Gabi Laron/Institute of Archaeology, Hebrew university

“Can”t tell the gladiators without a program!” an ancient hawker may have shouted outside Beth-Shean’s amphitheater as a spectacle was about to begin.

The photo shows the western half of the Roman amphitheater, probably built in the second century A.D. The original structure was a complete oval. The vaulted passages seen at left and at right served as entrances; the excavators speculate that some may have served as animal dens or housed shrines for the gladiators. Because this area is within the modern town of Beth-Shean, the excavators have had to restrict their work to the western half and parts of the eastern end of the amphitheater.

The structure’s outer wall consists of dressed basalt blocks. The inner wall, facing the arena, was constructed of four courses of dressed limestone blocks laid on a basalt foundation. The limestone was covered with light-colored stucco on which traces of red paint are skill visible. A limestone cornice topped this wall.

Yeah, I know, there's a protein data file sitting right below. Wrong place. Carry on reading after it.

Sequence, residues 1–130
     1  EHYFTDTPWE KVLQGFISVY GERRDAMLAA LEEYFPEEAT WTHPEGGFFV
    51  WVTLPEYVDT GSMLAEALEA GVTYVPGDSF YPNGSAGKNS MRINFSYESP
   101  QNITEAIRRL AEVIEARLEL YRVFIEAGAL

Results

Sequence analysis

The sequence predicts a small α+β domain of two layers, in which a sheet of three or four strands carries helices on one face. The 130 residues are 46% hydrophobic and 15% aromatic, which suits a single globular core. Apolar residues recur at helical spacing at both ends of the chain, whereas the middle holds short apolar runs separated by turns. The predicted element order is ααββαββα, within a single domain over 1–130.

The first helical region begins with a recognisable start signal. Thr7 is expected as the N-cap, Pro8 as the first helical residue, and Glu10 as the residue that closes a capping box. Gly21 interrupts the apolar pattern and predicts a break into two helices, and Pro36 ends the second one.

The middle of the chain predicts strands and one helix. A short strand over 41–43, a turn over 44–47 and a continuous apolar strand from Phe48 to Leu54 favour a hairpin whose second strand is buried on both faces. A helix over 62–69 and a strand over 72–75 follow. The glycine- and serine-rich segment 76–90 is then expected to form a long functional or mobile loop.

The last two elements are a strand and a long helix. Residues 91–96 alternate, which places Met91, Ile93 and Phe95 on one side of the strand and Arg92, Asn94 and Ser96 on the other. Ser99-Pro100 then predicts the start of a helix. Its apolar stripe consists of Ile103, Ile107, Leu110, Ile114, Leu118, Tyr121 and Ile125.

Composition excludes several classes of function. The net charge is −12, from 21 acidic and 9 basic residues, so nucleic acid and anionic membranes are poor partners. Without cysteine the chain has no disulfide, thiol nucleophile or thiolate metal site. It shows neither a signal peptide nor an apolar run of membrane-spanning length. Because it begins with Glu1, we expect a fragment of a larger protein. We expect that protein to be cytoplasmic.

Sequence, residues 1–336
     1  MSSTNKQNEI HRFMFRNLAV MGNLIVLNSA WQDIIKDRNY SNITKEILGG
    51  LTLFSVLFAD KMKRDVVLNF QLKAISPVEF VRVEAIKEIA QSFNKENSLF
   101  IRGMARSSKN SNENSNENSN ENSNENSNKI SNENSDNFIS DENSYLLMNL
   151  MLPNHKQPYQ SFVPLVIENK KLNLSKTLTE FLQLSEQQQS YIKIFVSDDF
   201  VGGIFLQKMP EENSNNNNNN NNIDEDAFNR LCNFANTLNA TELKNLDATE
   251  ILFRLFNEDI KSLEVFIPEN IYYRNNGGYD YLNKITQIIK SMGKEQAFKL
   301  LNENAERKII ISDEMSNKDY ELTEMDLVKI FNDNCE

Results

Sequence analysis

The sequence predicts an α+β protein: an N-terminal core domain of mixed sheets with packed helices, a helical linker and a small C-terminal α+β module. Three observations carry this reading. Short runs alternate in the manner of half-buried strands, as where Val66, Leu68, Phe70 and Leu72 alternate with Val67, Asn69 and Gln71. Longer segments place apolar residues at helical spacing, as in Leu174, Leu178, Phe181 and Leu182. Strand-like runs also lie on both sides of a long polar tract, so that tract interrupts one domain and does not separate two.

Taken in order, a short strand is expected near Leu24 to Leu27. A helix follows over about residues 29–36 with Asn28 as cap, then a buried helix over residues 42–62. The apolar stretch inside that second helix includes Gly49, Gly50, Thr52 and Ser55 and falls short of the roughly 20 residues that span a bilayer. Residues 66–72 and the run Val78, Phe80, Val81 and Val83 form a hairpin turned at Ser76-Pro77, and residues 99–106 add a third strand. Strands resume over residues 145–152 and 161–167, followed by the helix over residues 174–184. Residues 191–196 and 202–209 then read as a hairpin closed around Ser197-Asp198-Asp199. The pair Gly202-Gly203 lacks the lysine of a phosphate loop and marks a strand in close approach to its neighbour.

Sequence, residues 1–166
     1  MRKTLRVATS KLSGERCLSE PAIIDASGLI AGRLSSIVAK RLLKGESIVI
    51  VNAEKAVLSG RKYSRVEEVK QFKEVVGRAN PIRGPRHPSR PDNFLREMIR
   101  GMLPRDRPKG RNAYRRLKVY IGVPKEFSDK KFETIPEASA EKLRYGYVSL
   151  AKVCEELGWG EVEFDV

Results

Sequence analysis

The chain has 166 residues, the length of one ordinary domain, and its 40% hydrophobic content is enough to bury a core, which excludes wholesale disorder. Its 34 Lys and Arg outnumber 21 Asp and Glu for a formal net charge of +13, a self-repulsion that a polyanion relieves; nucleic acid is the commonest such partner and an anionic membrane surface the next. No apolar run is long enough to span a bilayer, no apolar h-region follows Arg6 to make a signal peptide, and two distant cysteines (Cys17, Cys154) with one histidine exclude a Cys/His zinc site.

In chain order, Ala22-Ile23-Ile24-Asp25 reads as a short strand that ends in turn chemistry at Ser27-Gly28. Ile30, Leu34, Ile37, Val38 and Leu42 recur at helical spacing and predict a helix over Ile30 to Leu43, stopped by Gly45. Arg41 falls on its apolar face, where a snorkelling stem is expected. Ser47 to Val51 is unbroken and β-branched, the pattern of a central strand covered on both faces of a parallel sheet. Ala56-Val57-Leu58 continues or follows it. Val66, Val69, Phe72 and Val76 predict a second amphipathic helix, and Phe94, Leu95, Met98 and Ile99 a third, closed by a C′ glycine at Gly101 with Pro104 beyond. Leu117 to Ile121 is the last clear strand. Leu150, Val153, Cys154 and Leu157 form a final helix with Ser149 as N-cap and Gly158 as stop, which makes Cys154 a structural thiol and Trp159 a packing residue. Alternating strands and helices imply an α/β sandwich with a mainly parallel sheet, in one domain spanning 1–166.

An estimated 5,000 to 7,000 spectators could sit on the amphitheater’s 11 to 13 rows of seats. Many of them may have been members of the Sixth Roman Legion, which was stationed in the Beth-Shean area in the second century A.D. Presumably they were more attracted to the gladiatorial contests and hunting spectacles offered by the amphitheater than by the more refined programs presented in the theater closer to the heart of town.